Taxpayer advocates hope latest broadband grants go to unserved areas of North Carolina

Raleigh, NC – Applications are open for North Carolina’s government broadband grants. Taxpayer advocates hope the money is spent in the right places.

photo by Thomas Jensen

Gov. Roy Cooper’s office recently announced that qualified internet service providers and electric cooperatives can now apply for the recent round of Growing Rural Economies with Access to Technology (GREAT) grants. Up to $350 million will be provided to expand high-speed internet in the state this year, the largest amount yet thanks to the infusion of federal dollars from the American Rescue Plan.

“High-speed internet is critical for North Carolinians to be able to work, learn, run a business or access health care,” Cooper said. “We want all communities in our state to have these opportunities and this round of grants is an important step toward closing the digital divide, especially in rural areas.”

The GREAT grant program, administered by the N.C. Department of Information Technology’s Division of Broadband and Digital Equity, provides matching grants to eligible applicants for expanding broadband access to unserved areas of the state. Since launching in 2018, the program has invested $56 million in tax dollars and an additional $35 million in private investment to connect more than 40,000 households and businesses to high-speed internet.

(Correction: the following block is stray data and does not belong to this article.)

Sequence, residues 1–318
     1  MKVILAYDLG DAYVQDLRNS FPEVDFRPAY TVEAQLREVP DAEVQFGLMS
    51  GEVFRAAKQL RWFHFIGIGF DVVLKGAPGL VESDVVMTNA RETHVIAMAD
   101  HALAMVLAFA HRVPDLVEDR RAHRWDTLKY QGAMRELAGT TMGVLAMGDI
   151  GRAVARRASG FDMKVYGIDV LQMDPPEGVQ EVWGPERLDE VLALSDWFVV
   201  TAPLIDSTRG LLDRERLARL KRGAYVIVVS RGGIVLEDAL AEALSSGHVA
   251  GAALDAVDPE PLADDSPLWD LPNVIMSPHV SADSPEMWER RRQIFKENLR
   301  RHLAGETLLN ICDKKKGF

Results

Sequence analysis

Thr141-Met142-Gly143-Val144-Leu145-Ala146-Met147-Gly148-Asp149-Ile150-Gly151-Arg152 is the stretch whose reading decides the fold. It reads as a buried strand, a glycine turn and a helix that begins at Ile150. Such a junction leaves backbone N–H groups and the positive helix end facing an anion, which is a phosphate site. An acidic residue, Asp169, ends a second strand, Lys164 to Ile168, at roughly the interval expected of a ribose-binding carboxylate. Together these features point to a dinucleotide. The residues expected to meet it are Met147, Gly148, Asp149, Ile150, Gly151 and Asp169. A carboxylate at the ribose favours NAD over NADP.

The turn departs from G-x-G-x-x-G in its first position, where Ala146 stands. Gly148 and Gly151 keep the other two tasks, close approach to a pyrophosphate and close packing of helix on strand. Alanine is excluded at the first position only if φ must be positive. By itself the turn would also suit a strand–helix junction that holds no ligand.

Cooper has proposed using nearly $1 billion in federal funds in the next few years to rapidly grow broadband infrastructure in unserved areas, with a goal of providing speeds significantly higher than the Federal Communications Commission’s current broadband standard of 25 Mbps download and 3 Mbps upload – Cooper’s goal is 100/20 Mbps in more than 95 percent of North Carolina households.

Jon Sanders, research editor and senior fellow, Regulatory Studies at John Locke Foundation, told Carolina Journal these types of programs always raise concerns of taxpayer waste, especially given the amount of money being distributed. Overbuilding can be an issue with such grant programs, with funds not going where they are most needed. Sanders hopes that won’t be the case with the GREAT grants.

“The GREAT grant program is supposed to focus on unserved and remote rural areas in the poorer counties, although they could also go to lesser developed areas in wealthier counties,” he said. “If approvals stay focused to the program’s original intent, it should encourage broadband expansion into the unserved areas of the state.”